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I'm having trouble understanding why my source is only returning the LOWORD part of a registry DWORD.

The following source code is largely based on this MSDN example. I've added in a section to output the value (data) of a registry key.

#include <windows.h>
#include <stdio.h>
#include <tchar.h>

#define MAX_KEY_LENGTH 255
#define MAX_VALUE_NAME 16383

void QueryKey(HKEY hKey) 
{ 
    TCHAR    achClass[MAX_PATH] = TEXT("");  // buffer for class name 
    DWORD    cchClassName = MAX_PATH;  // size of class string 
    DWORD    cSubKeys=0;               // number of subkeys 
    DWORD    cbMaxSubKey;              // longest subkey size 
    DWORD    cchMaxClass;              // longest class string 
    DWORD    cValues;              // number of values for key 
    DWORD    cchMaxValue;          // longest value name 
    DWORD    cbMaxValueData;       // longest value data 
    DWORD    cbSecurityDescriptor; // size of security descriptor 
    FILETIME ftLastWriteTime;      // last write time 

    DWORD i, retCode; 

    TCHAR  achValue[MAX_VALUE_NAME];
    DWORD cchValue = MAX_VALUE_NAME;
    DWORD dataType = 0, dataSize;
    LPBYTE data = (LPBYTE)malloc(512);

    // Get the class name and the value count. 
    retCode = RegQueryInfoKey(
      hKey,                    // key handle 
      achClass,                // buffer for class name 
      &cchClassName,           // size of class string 
      NULL,                    // reserved 
      &cSubKeys,               // number of subkeys 
      &cbMaxSubKey,            // longest subkey size 
      &cchMaxClass,            // longest class string 
      &cValues,                // number of values for this key 
      &cchMaxValue,            // longest value name 
      &cbMaxValueData,         // longest value data 
      &cbSecurityDescriptor,   // security descriptor 
      &ftLastWriteTime);       // last write time 

    // Enumerate the key values. 

    if (cValues) 
    {
        printf( "\nNumber of values: %d\n", cValues);

        for (i=0, retCode=ERROR_SUCCESS; i<cValues; i++) 
        { 
            cchValue = MAX_VALUE_NAME; 
            achValue[0] = '\0'; 
            retCode = RegEnumValue(hKey, i, achValue, &cchValue,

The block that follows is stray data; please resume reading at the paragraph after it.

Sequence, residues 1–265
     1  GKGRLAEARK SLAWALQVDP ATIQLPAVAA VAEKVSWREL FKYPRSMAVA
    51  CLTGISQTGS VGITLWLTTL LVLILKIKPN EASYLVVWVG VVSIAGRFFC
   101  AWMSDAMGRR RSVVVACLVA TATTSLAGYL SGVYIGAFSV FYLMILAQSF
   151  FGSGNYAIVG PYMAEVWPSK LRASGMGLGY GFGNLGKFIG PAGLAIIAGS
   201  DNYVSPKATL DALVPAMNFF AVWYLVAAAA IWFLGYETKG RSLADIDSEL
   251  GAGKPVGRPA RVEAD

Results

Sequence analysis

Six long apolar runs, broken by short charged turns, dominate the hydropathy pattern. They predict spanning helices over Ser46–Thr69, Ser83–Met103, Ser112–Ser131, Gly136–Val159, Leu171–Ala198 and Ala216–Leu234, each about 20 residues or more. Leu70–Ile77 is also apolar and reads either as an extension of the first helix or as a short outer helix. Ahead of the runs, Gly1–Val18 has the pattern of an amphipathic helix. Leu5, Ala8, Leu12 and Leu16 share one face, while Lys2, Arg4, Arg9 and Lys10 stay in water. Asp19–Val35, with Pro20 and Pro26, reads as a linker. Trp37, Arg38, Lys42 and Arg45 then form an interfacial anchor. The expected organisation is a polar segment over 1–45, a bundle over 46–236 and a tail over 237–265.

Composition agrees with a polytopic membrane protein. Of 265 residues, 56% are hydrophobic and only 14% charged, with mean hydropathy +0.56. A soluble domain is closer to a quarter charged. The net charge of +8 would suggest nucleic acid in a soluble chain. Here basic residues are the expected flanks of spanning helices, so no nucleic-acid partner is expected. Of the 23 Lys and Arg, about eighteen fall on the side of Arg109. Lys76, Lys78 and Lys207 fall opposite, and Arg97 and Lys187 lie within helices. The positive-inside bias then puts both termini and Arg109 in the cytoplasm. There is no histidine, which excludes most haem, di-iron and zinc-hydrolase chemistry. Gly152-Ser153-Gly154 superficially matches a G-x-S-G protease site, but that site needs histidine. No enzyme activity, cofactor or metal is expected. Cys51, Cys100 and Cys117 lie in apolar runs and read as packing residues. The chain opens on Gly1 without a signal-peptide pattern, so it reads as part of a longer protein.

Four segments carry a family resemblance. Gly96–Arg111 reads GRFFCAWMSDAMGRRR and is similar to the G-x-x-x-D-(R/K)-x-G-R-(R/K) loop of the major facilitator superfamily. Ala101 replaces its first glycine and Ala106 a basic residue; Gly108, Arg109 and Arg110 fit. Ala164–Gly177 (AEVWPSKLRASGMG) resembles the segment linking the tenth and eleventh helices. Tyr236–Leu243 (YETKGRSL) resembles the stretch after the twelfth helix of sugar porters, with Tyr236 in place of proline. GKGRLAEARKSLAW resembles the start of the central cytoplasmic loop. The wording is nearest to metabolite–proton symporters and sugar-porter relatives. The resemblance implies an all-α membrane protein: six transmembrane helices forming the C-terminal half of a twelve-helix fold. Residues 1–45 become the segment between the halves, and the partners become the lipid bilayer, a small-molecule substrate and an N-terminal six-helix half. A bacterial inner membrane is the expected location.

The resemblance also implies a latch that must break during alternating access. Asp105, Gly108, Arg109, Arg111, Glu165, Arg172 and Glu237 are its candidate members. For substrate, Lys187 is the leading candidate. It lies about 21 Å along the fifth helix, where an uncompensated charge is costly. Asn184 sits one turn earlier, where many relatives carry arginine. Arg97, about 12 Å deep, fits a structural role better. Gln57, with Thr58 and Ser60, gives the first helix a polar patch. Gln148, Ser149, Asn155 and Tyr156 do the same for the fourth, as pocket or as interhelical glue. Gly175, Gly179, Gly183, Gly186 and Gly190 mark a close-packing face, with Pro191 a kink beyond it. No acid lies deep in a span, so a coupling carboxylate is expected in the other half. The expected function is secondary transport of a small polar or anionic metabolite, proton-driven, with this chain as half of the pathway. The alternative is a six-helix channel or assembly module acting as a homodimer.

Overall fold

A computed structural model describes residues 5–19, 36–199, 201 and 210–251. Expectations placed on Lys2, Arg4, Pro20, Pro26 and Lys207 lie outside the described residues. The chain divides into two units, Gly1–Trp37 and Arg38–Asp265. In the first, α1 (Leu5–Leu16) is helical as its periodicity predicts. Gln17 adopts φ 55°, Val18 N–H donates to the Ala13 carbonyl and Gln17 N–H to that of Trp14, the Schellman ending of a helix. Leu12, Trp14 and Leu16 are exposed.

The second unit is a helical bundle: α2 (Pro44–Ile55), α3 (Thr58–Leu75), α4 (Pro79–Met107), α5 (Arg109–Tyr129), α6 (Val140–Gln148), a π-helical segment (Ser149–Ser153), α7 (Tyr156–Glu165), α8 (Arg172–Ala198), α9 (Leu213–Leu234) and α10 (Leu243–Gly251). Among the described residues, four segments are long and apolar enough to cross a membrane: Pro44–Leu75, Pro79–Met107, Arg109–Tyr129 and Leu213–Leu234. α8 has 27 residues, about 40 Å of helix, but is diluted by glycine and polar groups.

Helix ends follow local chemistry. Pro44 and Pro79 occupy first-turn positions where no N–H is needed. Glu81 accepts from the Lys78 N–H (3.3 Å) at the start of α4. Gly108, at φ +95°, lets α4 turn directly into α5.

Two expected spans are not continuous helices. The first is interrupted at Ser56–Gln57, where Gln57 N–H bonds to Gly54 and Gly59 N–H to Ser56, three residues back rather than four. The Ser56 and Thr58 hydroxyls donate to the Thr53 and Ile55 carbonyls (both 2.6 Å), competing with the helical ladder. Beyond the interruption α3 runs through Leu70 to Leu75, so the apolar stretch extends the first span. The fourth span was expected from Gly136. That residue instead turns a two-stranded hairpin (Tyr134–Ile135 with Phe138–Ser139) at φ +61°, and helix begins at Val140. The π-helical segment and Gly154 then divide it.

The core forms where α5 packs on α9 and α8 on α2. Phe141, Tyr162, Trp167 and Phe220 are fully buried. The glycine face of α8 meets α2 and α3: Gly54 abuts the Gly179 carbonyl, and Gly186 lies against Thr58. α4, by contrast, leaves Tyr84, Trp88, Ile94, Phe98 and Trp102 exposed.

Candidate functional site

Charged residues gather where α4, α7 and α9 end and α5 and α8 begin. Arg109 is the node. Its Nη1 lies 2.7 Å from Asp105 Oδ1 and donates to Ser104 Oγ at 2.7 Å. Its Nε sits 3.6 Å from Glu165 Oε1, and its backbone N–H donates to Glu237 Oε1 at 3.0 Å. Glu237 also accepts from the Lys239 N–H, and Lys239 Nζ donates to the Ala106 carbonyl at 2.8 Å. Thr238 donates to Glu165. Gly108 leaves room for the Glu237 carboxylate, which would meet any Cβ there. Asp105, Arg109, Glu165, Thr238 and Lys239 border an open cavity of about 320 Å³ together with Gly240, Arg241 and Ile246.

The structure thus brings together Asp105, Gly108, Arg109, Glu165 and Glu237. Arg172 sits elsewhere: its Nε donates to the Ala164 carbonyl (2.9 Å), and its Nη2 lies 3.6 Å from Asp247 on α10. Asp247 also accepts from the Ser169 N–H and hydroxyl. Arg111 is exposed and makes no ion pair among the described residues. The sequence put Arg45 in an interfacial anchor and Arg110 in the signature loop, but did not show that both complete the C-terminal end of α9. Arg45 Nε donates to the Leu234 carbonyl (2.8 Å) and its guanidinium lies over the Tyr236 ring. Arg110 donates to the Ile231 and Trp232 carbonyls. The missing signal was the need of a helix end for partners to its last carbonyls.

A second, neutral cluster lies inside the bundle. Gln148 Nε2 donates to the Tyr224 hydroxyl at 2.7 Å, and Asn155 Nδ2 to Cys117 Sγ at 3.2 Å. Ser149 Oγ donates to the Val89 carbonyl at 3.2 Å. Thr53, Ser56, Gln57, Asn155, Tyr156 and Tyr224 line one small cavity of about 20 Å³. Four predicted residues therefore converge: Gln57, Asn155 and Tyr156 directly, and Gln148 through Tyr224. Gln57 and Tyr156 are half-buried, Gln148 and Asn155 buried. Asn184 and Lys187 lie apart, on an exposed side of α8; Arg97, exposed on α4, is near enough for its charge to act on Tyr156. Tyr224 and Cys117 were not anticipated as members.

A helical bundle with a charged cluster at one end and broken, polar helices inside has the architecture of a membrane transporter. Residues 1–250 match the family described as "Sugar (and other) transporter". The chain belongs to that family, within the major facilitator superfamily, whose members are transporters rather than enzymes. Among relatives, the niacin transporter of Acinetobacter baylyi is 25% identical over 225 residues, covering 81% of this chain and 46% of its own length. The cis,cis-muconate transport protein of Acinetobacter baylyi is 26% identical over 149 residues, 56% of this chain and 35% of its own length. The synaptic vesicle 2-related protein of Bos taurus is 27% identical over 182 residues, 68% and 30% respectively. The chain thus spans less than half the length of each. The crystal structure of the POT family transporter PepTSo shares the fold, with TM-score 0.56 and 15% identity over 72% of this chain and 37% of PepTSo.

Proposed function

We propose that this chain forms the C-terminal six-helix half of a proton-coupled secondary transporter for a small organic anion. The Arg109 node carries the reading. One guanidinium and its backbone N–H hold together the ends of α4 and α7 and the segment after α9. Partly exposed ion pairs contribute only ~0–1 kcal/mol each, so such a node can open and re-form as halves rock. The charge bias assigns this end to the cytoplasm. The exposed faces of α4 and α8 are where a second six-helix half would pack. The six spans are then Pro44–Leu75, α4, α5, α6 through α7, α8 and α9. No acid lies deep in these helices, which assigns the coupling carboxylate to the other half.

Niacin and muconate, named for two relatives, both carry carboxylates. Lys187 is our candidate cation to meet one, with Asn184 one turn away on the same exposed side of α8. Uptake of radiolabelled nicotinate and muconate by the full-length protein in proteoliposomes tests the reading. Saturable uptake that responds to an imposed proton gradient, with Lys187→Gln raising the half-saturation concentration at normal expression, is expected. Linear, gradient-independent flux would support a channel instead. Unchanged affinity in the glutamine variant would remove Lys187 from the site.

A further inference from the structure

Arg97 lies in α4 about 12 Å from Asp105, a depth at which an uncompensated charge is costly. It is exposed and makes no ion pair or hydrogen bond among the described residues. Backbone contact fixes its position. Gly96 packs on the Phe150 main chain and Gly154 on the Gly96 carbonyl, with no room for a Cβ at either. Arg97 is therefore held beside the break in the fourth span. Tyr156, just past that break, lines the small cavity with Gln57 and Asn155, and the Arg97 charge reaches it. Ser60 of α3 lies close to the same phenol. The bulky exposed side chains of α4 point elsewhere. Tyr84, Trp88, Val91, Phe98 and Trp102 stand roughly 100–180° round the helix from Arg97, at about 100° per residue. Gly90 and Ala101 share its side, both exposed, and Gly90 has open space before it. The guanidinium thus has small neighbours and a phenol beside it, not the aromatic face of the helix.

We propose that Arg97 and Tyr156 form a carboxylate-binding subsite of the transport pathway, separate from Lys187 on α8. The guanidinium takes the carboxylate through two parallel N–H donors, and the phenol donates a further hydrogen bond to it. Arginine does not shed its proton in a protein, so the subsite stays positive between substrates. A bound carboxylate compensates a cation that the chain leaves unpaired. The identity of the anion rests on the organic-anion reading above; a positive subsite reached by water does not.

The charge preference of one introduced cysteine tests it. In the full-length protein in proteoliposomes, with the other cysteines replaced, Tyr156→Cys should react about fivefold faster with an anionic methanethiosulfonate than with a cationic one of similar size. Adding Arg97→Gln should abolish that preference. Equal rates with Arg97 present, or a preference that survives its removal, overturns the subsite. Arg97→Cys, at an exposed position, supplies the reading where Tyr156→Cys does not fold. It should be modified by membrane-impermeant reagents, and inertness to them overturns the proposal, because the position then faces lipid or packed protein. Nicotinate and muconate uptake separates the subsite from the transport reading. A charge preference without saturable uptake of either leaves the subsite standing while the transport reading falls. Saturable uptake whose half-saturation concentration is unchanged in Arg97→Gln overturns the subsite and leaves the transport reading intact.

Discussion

NULL, &dataType, data, &dataSize);

            if (retCode == ERROR_SUCCESS && dataType == REG_DWORD ) 
            {
                _tprintf(TEXT("(%d) %s: 0x%08X\n"), i+1, achValue, (DWORD)*data);
            } 
        }
    }
}

void __cdecl _tmain(void)
{
    HKEY hTestKey;

    if (RegOpenKeyEx(HKEY_CURRENT_USER, TEXT("Console"), 0, KEY_READ, &hTestKey) == ERROR_SUCCESS)
    {
        QueryKey(hTestKey);
    }

    RegCloseKey(hTestKey);
}

The source outputs the key-value pair as expected, but for certain keys (eg. ScreenBufferSize and WindowSize) only the LOWORD part is printed.

But when test code is run, everything is perfect.

#include <windows.h>
#include <stdio.h>

int main(void)
{
    DWORD d = 0x00190050;

    printf("DWORD: %08x\n", d);
    printf("HIWORD: %04x, LOWORD: %04x\n", HIWORD(d), LOWORD(d));

    return 0;
}

How can I print the full DWORD value?

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2 Answers 2

up vote 3 down vote accepted
LPBYTE data;
...
(DWORD)*data

this does the following: it takes a BYTE from data and then extends it to DWORD.

Instead you want to take DWORD from the memory location:

* ((DWORD*) data)
share|improve this answer
    
Hi, could you explain the difference between (DWORD)*data and *((DWORD*)data)? The second one is a pointer to the value stored at that memory location. But how does (DWORD*) affect data? –  Hugh McMaster Jul 28 '13 at 10:10
    
(DWORD*) data converts the pointer from "pointer to 8-bit values" to "pointer to 32-bit values". Then you use this pointer to get 32-bit value referenced by it. –  Roman R. Jul 28 '13 at 10:40
    
Also pay attention to the other answer - this is the next problem you will face to. –  Roman R. Jul 28 '13 at 10:48

You need to set dataSize to the size of data before each call to RegEnumValue(), like:

dataSize = 512; // size of data
retCode = RegEnumValue(hKey, i, achValue, &cchValue, NULL, &dataType, data, &dataSize);

See the description for lpcbData in the MSDN documentation

share|improve this answer
    
Hi Edward - good catch. Setting datasize would need to happen during each iteration of the for loop, correct? –  Hugh McMaster Jul 28 '13 at 10:12
    
yes, because each call updates dataSize with the size of the actual data placed into data –  Edward Clements Jul 28 '13 at 10:35

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